Vietnamese Government Condemned for Sentencing Falun Gong Practitioners (Photos)
(Clearwisdom.net) After being detained for seventeen months, Mr. Vu Duc Trung and his brother-in-law Mr. Le Van Thanh, Falun Gong practitioners in Vietnam, were sentenced to three years and two years in prison, respectively, on November 10, 2011. They had been put on trial for sending short wave signals of Sound of Hope radio programs to Mainland China. The Vietnamese government's mistreatment and sentencing of Falun Gong practitioners and its caving in to the Chinese Communist Party (CCP) has triggered concern and condemnation in the international community.
International human rights organizations and other human rights organizations around the world have condemned the Vietnamese government for the detention of Falun Gong practitioners and infringement on their freedom of speech in the past year. Upon learning of the sentence, Falun Gong practitioners in Britain, the United States, France, Germany, Austria, Taiwan, Korea, Australia and other countries protested at Vietnamese embassies and consulates.
Mr. Vu Duc Trung, 31, CEO of a high-tech company in Hanoi, and Mr. Le Van Thanh, 36, were arrested and detained by the Department of Police and the Ministry of Public Security in June 2011.
Mr. Vu Duc Trung
Ms. Doris Chen, the spokesperson for Sound of Hope in Sydney, said that Mr. Vu and Mr. Le exposed the crimes of the CCP to the Chinese society, including the persecution of Falun Gong and the CCP's forcibly harvesting organs from living Falun Gong practitioners. She also said that what they did didn't harm the Vietnamese people or government and was legal, based on Article 19 of the Universal Declaration of Human Rights.
Sending short wave radio signals does not violate criminal law in Vietnam. The broadcast to Mainland China broke the information blockade by the CCP, which angered the CCP and had them put pressure on the Vietnamese government. By detaining and sentencing the practitioners, the Vietnamese government yielded completely to the CCP.
On October 5, 2011, Freedom House condemned China's use of diplomatic pressure to engage in further crackdowns on religious minorities and to restrict freedom of expression outside of its borders. On the same day, Reporters Without Borders also released an article condemning the Vietnamese government's actions towards the two Falun Gong practitioners.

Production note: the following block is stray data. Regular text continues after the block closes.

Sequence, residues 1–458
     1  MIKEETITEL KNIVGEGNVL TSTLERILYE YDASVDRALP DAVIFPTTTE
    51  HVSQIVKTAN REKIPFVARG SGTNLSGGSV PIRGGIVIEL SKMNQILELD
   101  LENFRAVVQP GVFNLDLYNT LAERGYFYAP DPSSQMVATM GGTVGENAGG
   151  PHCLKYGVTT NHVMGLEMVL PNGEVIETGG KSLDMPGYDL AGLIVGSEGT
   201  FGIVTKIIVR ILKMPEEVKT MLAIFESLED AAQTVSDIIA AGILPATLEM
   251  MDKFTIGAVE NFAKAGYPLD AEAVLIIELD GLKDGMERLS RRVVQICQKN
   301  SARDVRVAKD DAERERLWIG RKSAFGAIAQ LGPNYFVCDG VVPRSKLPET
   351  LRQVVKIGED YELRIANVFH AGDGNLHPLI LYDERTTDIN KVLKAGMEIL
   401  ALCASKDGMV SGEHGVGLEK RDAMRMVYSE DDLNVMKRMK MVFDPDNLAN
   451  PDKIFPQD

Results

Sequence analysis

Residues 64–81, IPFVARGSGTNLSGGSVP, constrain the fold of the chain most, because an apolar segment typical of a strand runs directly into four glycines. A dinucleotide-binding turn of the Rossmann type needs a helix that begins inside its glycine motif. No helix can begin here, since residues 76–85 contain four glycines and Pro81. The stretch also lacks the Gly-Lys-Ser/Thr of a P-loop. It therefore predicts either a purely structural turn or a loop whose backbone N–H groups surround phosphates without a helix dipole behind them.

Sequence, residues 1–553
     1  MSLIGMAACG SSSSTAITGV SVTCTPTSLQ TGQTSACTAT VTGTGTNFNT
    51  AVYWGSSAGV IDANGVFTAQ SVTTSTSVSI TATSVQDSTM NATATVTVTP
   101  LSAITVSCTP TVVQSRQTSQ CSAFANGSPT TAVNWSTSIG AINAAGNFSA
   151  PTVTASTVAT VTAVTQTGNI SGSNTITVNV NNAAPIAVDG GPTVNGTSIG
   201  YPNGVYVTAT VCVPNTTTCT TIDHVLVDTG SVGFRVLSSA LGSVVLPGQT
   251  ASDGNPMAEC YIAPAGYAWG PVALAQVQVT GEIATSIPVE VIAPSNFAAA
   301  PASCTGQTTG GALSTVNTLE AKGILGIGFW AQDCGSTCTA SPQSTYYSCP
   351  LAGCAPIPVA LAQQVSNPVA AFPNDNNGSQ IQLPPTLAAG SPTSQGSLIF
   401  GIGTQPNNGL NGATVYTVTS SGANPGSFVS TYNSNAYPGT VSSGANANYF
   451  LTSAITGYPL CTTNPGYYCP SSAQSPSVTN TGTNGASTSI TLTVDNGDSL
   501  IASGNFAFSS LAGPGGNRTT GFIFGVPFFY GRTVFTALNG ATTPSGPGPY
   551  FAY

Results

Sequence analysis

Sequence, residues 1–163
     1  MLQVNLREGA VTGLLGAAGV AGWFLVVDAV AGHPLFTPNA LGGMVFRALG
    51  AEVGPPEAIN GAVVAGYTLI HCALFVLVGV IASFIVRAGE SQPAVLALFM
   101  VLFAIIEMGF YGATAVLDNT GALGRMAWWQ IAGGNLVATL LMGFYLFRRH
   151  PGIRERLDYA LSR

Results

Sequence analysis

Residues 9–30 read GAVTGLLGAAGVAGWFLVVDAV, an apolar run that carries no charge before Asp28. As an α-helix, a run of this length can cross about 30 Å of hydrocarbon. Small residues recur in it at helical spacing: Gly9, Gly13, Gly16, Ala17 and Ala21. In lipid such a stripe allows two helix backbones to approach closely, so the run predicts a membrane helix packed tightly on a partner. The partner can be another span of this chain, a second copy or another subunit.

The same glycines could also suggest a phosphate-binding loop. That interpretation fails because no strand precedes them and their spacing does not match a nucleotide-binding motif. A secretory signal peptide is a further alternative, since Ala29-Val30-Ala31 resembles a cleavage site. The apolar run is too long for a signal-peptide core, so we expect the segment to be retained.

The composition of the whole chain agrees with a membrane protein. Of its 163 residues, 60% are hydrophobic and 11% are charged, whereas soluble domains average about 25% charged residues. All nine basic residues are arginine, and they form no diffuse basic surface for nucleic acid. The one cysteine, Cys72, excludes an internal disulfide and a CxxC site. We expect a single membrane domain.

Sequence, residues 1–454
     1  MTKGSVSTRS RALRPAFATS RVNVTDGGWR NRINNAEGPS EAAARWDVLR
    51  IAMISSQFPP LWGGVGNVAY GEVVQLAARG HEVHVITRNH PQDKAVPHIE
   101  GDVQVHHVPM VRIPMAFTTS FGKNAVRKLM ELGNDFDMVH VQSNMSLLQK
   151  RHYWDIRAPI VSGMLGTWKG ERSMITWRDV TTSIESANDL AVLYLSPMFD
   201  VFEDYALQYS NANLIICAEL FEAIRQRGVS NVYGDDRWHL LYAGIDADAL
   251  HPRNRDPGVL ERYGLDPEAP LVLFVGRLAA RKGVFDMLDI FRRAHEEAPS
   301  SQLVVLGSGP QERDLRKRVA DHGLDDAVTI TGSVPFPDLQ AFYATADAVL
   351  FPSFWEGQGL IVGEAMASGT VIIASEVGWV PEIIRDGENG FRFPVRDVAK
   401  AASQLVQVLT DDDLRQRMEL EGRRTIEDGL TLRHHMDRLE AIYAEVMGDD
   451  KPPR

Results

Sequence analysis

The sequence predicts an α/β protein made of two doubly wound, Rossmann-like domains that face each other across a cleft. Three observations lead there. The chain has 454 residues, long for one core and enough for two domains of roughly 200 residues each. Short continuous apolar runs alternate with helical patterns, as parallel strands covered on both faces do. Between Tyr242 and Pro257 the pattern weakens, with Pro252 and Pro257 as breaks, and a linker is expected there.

Falun Gong practitioners and human rights groups gathered in front of the Vietnamese Embassy in Washington D.C. on October 4, 2011, to protest the detention of Falun Gong practitioners.
Voice of Vietnamese Americans (VVA) issued a statement on November 4, urging the Vietnamese government to respect freedom of speech and religion, follow the United Nations Universal Declaration of Human Rights, and release the detained Falun Gong practitioners.
A two-day human rights dialogue was held between the U.S. and Vietnam starting on November 9, 2011. Amnesty International, Reporters Without Borders, and the Falun Dafa Association in Washington D.C. issued statements condemning the Vietnamese government's treatment of Falun Gong practitioners, and called for the American government to help the two Vietnamese Falun Gong practitioners gain freedom.
Mark Toner, Deputy Spokesman of the U.S Department of State, called the dialogue “exactly an opportunity for them to discuss a range of human rights issues between Vietnam and the U.S.” Another official of the State Department said the U.S. had clear standing on the issue of Falun Gong as well as the human rights problems in China and Vietnam. Both China and Vietnam were on the list of Countries of Particular Concern of the recent IRF report.
Falun Gong practitioners protest the imprisonment of practitioners by the Vietnamese government during the U.S.-Vietnam Human Rights Dialogue on November 9, 2011.
New York-based Human Rights Watch called the sentencing of Mr. Le and Mr. Vu, “a violation of freedom of expression.” “Vietnam should not violate human rights and punish its own citizens merely because their activism displeased China,” Phil Robertson, Human Rights Watch’s deputy Asia director said in a statement.
“This is a sad day for Vietnam,” said Falun Gong spokesman Erping Zhang. “Sentencing Trung and Thanh to prison in a show trial is shameless and sets a dangerous precedent of the Vietnamese government caving to Chinese Communist Party pressure,” says Zhang. “We hope the international community can redouble its efforts to free these men immediately and use whatever leverage possible to ensure that the Vietnamese authorities stop abusing local Falun Gong practitioners.”
Falun Gong was spread to Vietnam in 2006. In recent years, Vietnam has bowed to the CCP’s influence. While Falun Gong is officially legal in Vietnam, the state has put systematic pressure on Falun Gong practitioners. A document issued by the Vietnamese government in April 2011 indicated its suppression of Falun Gong is due to pressure from the CCP. The Vietnamese police beat and dispersed about fifty Falun Gong practitioners who were protesting peacefully in front of the Chinese Embassy on November 8.